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Slatington woman trains service dogs as Canine Companions

  • ELSA KERSCHNER/TIMES NEWS Donna Gasker is training Elsie and Herky to be service dogs.
    ELSA KERSCHNER/TIMES NEWS Donna Gasker is training Elsie and Herky to be service dogs.
Published May 11. 2010 05:00PM

Donna Gasker of Slatington needed something to do after her husband passed away three years ago. At the time she was president of the Woman's Club of Slatington which has as one of its projects, the Canine Companions for Independence program.

She looked into the requirements of the puppy-raising program.

Gasser said she could not remember not having a dog until recently so the program was well-suited for her.

The puppies are bred, born and raised to eight weeks old in Santa Rosa, CA, because the organization wants to know the bloodlines so they pass on only healthy animals with good dispositions.

Gasser said she had a beautiful red lab she wanted to donate but it was not accepted because of the breeding program.

Most of the dogs are labradors or golden retrievers, or a cross of the two, because of the reputation those breeds have for docility and temperament.

When one was shipped to Gasser, she said she heard him as soon as she went into the cargo area. Even after a 12-hour flight he quickly calmed down.

In the 13 to 15 months the puppy-raisers have the dogs they are taught 30 commands and then move on to advanced training at the Miller Center, Medford, Long Island, where they learn another 20 commands.

When a dog arrives at Medford it is put through a two-week physical to be sure there are no discernible problems.

They are checked to be sure they are not apt to respond to such things as a train or motorcycle.

Dogs are in the advanced program for six months.

The final two weeks the candidates for dogs come in and are matched with the most suitable dog. The two train as a pair and get to know each other.

If they do not pass everything, they are released from the program and the puppy-raiser may keep the dog or it will be put up for adoption.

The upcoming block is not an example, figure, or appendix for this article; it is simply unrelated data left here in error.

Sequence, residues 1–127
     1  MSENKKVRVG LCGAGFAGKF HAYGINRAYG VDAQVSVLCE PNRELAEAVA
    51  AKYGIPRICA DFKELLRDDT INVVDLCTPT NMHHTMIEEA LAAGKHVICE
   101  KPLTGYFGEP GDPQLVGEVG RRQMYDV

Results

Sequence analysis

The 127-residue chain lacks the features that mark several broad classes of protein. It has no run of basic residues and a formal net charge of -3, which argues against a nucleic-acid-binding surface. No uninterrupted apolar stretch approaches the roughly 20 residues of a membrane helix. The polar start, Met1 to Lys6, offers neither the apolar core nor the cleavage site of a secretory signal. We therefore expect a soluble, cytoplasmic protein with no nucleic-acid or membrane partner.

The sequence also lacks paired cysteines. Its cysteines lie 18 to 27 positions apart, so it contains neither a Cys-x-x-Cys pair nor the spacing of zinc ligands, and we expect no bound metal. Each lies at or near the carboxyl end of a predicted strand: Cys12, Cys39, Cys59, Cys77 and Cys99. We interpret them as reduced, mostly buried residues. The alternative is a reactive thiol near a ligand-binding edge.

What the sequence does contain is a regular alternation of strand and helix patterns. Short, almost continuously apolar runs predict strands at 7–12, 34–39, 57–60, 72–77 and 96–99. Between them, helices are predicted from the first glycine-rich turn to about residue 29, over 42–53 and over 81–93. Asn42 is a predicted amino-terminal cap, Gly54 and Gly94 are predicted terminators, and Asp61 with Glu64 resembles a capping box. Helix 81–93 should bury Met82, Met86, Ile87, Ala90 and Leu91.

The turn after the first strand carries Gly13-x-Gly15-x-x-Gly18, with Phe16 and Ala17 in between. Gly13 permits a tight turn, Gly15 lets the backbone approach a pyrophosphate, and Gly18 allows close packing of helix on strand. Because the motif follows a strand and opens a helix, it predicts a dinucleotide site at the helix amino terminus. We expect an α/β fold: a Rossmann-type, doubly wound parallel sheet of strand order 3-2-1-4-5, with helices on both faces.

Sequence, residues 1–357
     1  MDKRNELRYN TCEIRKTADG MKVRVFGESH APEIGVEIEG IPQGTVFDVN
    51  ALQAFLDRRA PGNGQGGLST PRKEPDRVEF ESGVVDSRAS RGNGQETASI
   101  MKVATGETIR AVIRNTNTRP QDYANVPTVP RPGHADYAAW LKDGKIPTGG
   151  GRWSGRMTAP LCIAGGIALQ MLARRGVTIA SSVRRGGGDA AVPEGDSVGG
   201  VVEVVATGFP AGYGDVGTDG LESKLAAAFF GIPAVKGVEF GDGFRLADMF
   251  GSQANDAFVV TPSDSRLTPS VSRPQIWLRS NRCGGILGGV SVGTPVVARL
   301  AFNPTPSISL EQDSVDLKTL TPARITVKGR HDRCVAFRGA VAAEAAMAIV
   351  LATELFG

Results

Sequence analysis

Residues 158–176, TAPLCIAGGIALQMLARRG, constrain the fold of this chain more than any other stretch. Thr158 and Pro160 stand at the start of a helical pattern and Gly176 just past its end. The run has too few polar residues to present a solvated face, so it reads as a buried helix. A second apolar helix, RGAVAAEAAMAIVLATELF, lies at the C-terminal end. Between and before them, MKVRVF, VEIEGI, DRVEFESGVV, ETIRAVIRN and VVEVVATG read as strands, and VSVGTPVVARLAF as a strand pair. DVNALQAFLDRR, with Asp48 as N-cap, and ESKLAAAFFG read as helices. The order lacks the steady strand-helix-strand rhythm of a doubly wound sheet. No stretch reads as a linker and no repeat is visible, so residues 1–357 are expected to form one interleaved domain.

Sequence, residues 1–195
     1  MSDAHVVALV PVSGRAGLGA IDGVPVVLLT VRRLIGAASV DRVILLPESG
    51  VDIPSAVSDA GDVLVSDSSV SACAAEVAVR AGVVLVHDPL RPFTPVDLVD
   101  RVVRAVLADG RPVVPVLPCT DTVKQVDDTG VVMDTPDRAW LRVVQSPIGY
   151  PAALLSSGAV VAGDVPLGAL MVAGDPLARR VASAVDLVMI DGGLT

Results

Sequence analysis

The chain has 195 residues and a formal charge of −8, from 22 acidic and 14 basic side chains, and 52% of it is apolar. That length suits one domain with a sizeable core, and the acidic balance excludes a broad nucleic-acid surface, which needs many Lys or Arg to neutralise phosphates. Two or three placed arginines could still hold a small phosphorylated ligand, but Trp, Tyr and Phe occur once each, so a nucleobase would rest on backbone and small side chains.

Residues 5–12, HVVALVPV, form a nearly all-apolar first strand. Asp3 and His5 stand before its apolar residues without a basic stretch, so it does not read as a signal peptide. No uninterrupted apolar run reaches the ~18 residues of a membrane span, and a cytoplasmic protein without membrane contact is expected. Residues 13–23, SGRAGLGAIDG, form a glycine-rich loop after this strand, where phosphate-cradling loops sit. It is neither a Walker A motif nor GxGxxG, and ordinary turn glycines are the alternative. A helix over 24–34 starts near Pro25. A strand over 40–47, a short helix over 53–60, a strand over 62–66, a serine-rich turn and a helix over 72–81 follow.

People are happy to be able to adopt a dog with the training even the failed companions have received.

That is the way Gasser got Celso. He was too energetic to meet the requirements and she chose to keep him.

Presently she is training Herky, who is five months old and Elsie, who is 15 months old.

Herky was named for the University of Iowa mascot.

The honor of naming the dogs in a litter goes to someone who helps Canine Companions with a donation, holding a fundraiser or some other type of assistance.

Gasser said she meets with a group, the Philadelphia Chapter of the Northeast region.

The president is Carol Levy, who is now training her 18th puppy.

They stress that starting a dog is good as a senior project in school or for a Gold award in Girl Scouting or Eagle project in Boy Scouting.

Gasser said Iams supports Canine Companions and her veterinarian, Country Doctor, discounts care.

All expenses during the training period are paid by the puppy-trainer. Other sponsors of the program are Jean Schultz (Snoopy's mom) and Dean Koontz.

The dogs learn to open doors, to turn light switches off and on, pull a wheelchair, and to pick up things.

For a wheelchair-bound person who leans forward and cannot return to his upright position the dog will jump up with his front legs onto the person's lap and remain until the person uses the dog to push himself upright.

The parents of an autistic boy could not sleep at night because the boy wandered.

The only thing his dog had to do was alert the parents when he wandered, letting them sleep rather than listen for the child to move about.

Levy has a dog that can take a credit card and make payments, then wait for the receipt.

Some of the dogs go to a facility such as a nursing home and Seeing Eye takes some. Veterans have first dibs on available animals.

The dogs wear a gentle leader, a leash with a loose strap around the mouth which provides better control of the head. It keeps them from pulling.

Each animal wears a service dog vest that says "Volunteer puppy-raising program." They can be taken into nursery schools.

"I tell the kids, if a dog has a vest they should ask before petting them. I usually let them pet the dogs because it socializes them. I've had them on road trips and they can be taken into most buildings, even restaurants. I took Celso on the cog train in New Hampshire," Gasser said.

She took him to the Alamo but he was restless and they had to leave.

"There must be a lot of ghosts floating around," she said.

Upon graduation the dogs receive blue vests instead of the yellow ones worn during training.

Canine Companions is always looking for puppy-raisers, said Gasser.

The CCI brochure says they "raise exceptional dogs for exceptional people."

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